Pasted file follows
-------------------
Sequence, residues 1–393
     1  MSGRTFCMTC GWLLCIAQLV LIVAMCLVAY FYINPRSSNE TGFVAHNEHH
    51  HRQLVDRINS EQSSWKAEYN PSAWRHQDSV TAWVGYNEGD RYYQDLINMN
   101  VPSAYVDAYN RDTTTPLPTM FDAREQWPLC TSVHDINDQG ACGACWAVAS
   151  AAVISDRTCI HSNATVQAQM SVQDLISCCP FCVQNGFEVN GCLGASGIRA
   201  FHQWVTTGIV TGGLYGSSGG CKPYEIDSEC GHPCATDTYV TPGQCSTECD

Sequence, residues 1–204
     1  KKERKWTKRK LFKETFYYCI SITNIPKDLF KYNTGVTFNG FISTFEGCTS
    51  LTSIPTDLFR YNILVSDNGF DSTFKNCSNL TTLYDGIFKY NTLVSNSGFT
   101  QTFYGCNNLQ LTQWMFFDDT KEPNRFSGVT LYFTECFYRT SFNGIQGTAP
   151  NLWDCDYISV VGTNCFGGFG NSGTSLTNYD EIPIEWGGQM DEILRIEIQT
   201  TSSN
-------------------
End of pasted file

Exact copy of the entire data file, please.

Sequence, residues 1–393
     1  MSGRTFCMTC GWLLCIAQLV LIVAMCLVAY FYINPRSSNE TGFVAHNEHH
    51  HRQLVDRINS EQSSWKAEYN PSAWRHQDSV TAWVGYNEGD RYYQDLINMN
   101  VPSAYVDAYN RDTTTPLPTM FDAREQWPLC TSVHDINDQG ACGACWAVAS
   151  AAVISDRTCI HSNATVQAQM SVQDLISCCP FCVQNGFEVN GCLGASGIRA
   201  FHQWVTTGIV TGGLYGSSGG CKPYEIDSEC GHPCATDTYV TPGQCSTECD

Sequence, residues 1–204
     1  KKERKWTKRK LFKETFYYCI SITNIPKDLF KYNTGVTFNG FISTFEGCTS
    51  LTSIPTDLFR YNILVSDNGF DSTFKNCSNL TTLYDGIFKY NTLVSNSGFT
   101  QTFYGCNNLQ LTQWMFFDDT KEPNRFSGVT LYFTECFYRT SFNGIQGTAP
   151  NLWDCDYISV VGTNCFGGFG NSGTSLTNYD EIPIEWGGQM DEILRIEIQT
   201  TSSN